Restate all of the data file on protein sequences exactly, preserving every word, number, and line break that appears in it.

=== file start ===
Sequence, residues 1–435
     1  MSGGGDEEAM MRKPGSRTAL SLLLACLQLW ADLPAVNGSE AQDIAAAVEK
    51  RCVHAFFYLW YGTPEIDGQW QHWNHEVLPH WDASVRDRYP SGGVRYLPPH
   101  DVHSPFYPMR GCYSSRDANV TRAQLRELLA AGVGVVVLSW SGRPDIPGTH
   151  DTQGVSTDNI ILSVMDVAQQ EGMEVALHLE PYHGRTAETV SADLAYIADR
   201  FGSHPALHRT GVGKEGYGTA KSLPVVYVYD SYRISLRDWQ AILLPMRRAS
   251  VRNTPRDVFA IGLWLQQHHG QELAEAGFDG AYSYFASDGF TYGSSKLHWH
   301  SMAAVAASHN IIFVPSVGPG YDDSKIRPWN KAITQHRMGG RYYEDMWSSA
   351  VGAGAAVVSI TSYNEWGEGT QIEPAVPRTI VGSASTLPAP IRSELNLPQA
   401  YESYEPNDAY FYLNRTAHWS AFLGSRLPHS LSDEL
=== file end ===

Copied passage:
Sequence, residues 1–435
     1  MSGGGDEEAM MRKPGSRTAL SLLLACLQLW ADLPAVNGSE AQDIAAAVEK
    51  RCVHAFFYLW YGTPEIDGQW QHWNHEVLPH WDASVRDRYP SGGVRYLPPH
   101  DVHSPFYPMR GCYSSRDANV TRAQLRELLA AGVGVVVLSW SGRPDIPGTH
   151  DTQGVSTDNI ILSVMDVAQQ EGMEVALHLE PYHGRTAETV SADLAYIADR
   201  FGSHPALHRT GVGKEGYGTA KSLPVVYVYD SYRISLRDWQ AILLPMRRAS
   251  VRNTPRDVFA IGLWLQQHHG QELAEAGFDG AYSYFASDGF TYGSSKLHWH
   301  SMAAVAASHN IIFVPSVGPG YDDSKIRPWN KAITQHRMGG RYYEDMWSSA
   351  VGAGAAVVSI TSYNEWGEGT QIEPAVPRTI VGSASTLPAP IRSELNLPQA
   401  YESYEPNDAY FYLNRTAHWS AFLGSRLPHS LSDEL